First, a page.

On July 31, 1917, the Allies launch a renewed assault on German lines in the Flanders region of Belgium, in the much-contested region near Ypres, during World War I. The attack begins more than three months of brutal fighting, known as the Third Battle of Ypres or the Battle of Passchendaele.
While the first and second battles at Ypres were attacks by the Germans against the Allied-controlled salient around Ypres–which crucially blocked any German advance to the English Channel–the third was spearheaded by the British commander in chief, Sir Douglas Haig. After the resounding failure of the Nivelle Offensive–named for its mastermind, the French commander Robert Nivelle–the previous May, followed by widespread mutinies within the French army, Haig insisted that the British should press ahead with another major offensive that summer. The aggressive and meticulously planned offensive, ostensibly aimed at destroying German submarine bases located on the north coast of Belgium, was in fact driven by Haig’s (mistaken) belief that the German army was on the verge of collapse, and would be broken completely by a major Allied victory.
After an opening barrage of some 3,000 guns, Haig ordered nine British divisions, led by Sir Hubert Gough’s 5th Army, to advance on the German lines near the Belgian village of Passchendaele on July 31; they were joined by six French divisions. In the first two days of the attacks, while suffering heavy casualties, the Allies made significant advances–in some sectors pushing the Germans back more than a mile and taking more than 5,000 German prisoners–if not as significant as Haig had envisioned. The offensive was renewed in mid-August, though heavy rains and thickening mud severely hampered the effectiveness of Allied infantry and artillery and prevented substantial gains over the majority of the summer and early fall.
Dissatisfied with his army’s gains by the end of August, Haig had replaced Gough with Herbert Plumer at the head of the attack; after several small gains in September, the British were able to establish control over the ridge of land east of Ypres. Encouraged, Haig pushed Plumer to continue the attacks towards the Passchendaele ridge, some 10 kilometers from Ypres.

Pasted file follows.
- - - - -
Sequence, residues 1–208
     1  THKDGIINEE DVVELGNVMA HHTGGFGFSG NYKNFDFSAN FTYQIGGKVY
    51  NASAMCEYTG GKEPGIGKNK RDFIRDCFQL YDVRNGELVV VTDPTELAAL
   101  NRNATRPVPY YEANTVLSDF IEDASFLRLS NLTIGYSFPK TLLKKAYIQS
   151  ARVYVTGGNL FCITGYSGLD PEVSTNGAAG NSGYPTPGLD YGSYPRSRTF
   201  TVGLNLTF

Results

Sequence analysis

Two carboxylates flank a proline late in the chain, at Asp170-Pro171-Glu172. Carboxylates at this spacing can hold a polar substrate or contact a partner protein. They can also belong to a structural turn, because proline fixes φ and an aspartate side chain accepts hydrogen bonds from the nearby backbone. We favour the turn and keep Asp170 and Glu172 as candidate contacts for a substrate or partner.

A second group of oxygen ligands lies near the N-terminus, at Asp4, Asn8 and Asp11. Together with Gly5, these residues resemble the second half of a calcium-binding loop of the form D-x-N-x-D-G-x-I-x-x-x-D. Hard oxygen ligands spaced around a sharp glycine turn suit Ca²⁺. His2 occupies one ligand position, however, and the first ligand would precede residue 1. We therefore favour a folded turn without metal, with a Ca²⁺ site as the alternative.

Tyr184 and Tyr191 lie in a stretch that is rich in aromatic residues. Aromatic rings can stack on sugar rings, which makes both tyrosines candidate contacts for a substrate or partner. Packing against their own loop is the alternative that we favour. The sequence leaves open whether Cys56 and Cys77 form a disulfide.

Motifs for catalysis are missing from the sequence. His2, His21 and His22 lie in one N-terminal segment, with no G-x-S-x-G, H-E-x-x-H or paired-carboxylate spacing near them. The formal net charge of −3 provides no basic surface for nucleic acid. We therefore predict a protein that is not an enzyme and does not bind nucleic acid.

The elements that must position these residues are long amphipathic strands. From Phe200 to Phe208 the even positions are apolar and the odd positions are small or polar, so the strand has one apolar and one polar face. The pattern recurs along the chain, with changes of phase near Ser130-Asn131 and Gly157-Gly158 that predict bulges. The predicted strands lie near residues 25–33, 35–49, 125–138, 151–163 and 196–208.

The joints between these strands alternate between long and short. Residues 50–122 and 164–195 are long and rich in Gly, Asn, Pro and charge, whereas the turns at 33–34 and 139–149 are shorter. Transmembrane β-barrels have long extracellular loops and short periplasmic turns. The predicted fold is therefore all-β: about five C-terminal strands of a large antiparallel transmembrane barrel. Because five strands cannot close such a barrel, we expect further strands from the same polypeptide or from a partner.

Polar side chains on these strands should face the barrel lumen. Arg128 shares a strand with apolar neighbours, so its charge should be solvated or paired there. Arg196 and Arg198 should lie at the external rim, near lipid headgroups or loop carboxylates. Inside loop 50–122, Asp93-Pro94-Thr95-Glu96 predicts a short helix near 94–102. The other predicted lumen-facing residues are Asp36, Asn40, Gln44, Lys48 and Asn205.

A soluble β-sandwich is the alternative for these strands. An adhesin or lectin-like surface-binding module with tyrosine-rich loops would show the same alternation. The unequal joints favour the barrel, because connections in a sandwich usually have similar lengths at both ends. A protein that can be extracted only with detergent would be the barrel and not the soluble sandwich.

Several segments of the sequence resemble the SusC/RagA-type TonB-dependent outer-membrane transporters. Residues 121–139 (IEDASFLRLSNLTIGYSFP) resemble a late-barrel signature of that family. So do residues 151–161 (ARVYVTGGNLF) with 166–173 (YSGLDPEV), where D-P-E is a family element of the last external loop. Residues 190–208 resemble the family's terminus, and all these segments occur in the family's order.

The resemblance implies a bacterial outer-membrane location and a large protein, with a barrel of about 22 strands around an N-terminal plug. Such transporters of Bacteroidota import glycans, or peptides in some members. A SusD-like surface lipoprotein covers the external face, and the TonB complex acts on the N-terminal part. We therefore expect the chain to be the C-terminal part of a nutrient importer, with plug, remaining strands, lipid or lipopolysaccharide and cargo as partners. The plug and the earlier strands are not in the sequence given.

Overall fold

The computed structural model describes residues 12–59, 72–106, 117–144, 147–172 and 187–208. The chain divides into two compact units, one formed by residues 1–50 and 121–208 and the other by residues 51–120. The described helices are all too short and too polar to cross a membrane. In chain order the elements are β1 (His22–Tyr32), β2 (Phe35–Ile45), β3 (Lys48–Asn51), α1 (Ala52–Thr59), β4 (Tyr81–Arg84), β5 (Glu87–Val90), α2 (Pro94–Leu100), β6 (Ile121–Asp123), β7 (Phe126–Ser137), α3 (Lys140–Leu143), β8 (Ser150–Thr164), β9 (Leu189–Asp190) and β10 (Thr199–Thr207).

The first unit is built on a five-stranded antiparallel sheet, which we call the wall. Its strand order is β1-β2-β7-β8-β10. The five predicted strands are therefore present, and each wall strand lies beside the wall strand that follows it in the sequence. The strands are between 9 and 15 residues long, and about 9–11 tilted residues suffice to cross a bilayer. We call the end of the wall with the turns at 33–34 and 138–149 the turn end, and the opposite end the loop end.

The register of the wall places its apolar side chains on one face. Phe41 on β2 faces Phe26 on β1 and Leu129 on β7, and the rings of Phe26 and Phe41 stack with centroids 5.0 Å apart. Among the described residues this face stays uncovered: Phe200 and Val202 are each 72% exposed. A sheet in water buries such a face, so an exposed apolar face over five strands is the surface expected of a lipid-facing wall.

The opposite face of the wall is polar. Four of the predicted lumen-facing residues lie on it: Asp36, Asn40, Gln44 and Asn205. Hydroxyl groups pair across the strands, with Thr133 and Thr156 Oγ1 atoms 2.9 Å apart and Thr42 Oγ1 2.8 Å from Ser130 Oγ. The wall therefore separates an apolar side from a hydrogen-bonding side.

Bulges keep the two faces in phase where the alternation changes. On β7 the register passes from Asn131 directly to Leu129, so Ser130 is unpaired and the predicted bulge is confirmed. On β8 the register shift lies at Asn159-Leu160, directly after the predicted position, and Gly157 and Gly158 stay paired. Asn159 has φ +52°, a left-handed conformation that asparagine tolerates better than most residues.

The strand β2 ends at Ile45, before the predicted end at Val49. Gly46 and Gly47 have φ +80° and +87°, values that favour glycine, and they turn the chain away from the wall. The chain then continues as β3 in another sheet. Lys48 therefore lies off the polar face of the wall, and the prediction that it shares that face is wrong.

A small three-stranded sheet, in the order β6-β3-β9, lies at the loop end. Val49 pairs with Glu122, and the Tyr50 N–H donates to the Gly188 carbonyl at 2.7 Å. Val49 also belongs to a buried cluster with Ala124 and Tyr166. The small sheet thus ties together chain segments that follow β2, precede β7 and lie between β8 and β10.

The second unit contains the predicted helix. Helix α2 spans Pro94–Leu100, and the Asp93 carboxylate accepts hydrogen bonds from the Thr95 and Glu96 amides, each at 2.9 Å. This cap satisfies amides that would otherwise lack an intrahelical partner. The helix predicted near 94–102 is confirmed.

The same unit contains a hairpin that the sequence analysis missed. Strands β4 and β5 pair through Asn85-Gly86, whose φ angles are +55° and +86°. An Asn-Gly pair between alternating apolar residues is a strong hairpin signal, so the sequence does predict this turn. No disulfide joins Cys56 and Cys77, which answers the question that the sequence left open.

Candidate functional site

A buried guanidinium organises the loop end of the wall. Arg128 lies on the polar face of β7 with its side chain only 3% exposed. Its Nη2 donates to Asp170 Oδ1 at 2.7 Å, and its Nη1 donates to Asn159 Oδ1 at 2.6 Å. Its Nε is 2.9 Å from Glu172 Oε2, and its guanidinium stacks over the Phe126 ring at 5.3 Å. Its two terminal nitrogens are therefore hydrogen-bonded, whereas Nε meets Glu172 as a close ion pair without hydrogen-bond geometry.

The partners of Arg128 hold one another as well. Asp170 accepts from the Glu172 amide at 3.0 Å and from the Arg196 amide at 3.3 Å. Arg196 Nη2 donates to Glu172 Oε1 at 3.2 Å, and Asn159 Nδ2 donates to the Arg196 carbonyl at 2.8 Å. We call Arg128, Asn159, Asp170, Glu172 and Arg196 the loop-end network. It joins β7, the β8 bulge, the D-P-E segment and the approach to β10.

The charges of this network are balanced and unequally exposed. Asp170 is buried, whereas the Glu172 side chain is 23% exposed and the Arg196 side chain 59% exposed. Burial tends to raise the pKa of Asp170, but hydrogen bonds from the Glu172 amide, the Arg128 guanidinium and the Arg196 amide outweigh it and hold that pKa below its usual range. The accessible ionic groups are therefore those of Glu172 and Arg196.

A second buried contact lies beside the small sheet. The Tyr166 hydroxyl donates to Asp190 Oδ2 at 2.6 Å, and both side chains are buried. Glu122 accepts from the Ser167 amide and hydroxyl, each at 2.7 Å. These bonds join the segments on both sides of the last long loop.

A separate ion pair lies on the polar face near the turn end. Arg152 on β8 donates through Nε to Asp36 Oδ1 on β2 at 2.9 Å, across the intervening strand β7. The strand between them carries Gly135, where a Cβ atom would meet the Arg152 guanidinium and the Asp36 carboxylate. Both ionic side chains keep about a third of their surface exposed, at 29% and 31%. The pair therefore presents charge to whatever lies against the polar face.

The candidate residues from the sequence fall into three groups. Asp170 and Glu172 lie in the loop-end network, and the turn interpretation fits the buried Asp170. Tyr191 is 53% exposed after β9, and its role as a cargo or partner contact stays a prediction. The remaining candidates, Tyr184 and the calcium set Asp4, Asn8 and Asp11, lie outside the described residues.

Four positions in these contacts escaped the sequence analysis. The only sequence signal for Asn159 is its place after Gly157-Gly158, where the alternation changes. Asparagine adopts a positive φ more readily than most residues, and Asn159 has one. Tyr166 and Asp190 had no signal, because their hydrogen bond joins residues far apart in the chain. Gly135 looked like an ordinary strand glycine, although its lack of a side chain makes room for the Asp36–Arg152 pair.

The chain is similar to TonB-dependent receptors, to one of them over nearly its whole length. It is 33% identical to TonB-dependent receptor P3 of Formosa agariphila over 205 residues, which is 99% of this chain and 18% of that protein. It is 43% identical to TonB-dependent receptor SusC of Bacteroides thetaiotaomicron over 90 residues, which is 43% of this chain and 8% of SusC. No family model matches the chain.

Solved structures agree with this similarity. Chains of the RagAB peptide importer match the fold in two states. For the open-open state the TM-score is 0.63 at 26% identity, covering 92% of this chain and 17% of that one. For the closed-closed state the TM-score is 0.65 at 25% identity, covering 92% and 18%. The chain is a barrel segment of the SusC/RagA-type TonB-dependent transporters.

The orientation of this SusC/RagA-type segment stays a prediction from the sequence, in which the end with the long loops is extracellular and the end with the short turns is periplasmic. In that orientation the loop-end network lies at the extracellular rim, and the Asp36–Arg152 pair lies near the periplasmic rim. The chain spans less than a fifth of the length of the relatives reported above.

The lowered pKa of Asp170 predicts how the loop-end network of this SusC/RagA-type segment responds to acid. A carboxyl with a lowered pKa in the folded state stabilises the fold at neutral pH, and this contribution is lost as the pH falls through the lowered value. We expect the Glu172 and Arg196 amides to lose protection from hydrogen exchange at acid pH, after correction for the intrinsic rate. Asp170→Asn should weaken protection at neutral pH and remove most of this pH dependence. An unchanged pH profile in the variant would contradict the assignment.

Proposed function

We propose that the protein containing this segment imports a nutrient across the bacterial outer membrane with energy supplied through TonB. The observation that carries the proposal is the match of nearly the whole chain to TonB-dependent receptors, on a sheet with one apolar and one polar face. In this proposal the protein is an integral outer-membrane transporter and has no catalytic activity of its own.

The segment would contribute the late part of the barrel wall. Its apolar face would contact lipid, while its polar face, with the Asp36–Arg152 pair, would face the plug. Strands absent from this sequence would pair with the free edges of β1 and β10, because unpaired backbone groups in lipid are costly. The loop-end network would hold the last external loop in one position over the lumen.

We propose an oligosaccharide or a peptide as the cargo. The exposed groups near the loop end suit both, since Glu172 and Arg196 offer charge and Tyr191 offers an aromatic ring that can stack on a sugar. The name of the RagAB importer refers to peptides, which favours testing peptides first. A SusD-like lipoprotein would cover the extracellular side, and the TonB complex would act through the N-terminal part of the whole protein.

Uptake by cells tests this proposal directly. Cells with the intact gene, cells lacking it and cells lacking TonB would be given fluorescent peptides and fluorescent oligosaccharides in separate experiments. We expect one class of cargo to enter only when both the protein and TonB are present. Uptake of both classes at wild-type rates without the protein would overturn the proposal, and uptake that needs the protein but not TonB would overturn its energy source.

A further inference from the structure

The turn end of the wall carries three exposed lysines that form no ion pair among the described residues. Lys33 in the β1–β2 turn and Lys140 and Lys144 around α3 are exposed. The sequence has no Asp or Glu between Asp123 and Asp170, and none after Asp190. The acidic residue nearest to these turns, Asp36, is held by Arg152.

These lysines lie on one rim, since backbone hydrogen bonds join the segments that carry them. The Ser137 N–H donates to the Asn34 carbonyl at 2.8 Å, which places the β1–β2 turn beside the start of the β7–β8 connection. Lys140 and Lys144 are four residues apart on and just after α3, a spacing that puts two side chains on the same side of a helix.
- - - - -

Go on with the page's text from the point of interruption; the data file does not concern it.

Thus the Third Battle of Ypres–also known as Passchendaele, for the village, and the ridge surrounding it, that saw the heaviest fighting–continued into its third month, as the Allied attackers reached near-exhaustion, with few notable gains, and the Germans reinforced their positions in the region with reserve troops released from the Eastern Front, where Russia’s army was foundering amid internal turmoil. Unwilling to give up, Haig ordered a final three attacks on Passchendaele in late October. The eventual capture of the village, by Canadian and British troops, on November 6, 1917, allowed Haig to finally call off the offensive, claiming victory, despite some 310,000 British casualties, as opposed to 260,000 on the German side, and a failure to create any substantial breakthrough, or change of momentum, on the Western Front. Given its outcome, the Third Battle of Ypres remains one of the most costly and controversial offensives of World War I, representing–at least for the British–the epitome of the wasteful and futile nature of trench warfare.
July 31, 1917 : Third Battle of Ypres begins in Flanders
July 31, 1917 : Third Battle of Ypres begins in Flanders
In Flanders, Belgium, on July 30, 1915, the Germans put their new weapon, the flammenwerfer, or flamethrower, to devastating use against the Allies at the Battle of Hooge.
The Battle of Hooge represented one of the first major employments of the flamethrower, one of the most feared weapons introduced during World War I. Eleven days before the battle, British infantry had captured the German-occupied village of Hooge, located near Ypres in Belgium, by detonating a large mine. Using the flamethrowers to great effect, along with machine guns, trench mortars and hand grenades, the Germans reclaimed their positions on July 30, 1915, penetrating enemy front lines with ease and pushing the British forces back to their second trench. Though few men were lost to actual burns, a British officer reported later, the weapons had a great demoralizing effect, and when added to the assault of the other powerful weapons, they proved mercilessly efficient at Hooge.
German troops had started with stationary flamethrowers, which allowed them to take large gains of land at Verdun in February 1915. Through the efforts of Bernhard Reddemann, a reserve captain, and Richard Fiedler, a Berlin engineer, the Germans progressed to smaller, lighter models, including a portable version, carried like a backpack. The number of flamethrower attacks conducted by Reddeman’s men in the first half of 1916 was three times that of 1915.
One great puzzle that emerged from World War I was why Germany’s opponents never made equal use of this terrifying weapon. The British made three attempts with larger, more unwieldy prototypes: the smallest one was equal in size to the German Grof, which the enemy had almost abandoned by 1916. The French were more persistent, and by 1918 had at least seven companies trained in using flamethrowers; the use of the weapon never progressed to the same level as that in the German army, however.
The flamethrower was included, along with the submarine, the battleship, heavy artillery, the tank, poison gas and the zeppelin, on the list of weapons forbidden to German forces by the Treaty of Versailles. After Hitler came to power in 1933, though, and Germany began to rebuild its army, backpack flamethrowers were liberally supplied to the combat forces, and the formidable flammenwerfer would again play a deadly role in the clashes of World War II.